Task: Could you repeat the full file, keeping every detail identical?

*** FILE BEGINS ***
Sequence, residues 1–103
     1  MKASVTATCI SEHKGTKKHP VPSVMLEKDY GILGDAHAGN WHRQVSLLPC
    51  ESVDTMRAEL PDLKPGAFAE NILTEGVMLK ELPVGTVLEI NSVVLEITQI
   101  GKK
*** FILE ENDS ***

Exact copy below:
Sequence, residues 1–103
     1  MKASVTATCI SEHKGTKKHP VPSVMLEKDY GILGDAHAGN WHRQVSLLPC
    51  ESVDTMRAEL PDLKPGAFAE NILTEGVMLK ELPVGTVLEI NSVVLEITQI
   101  GKK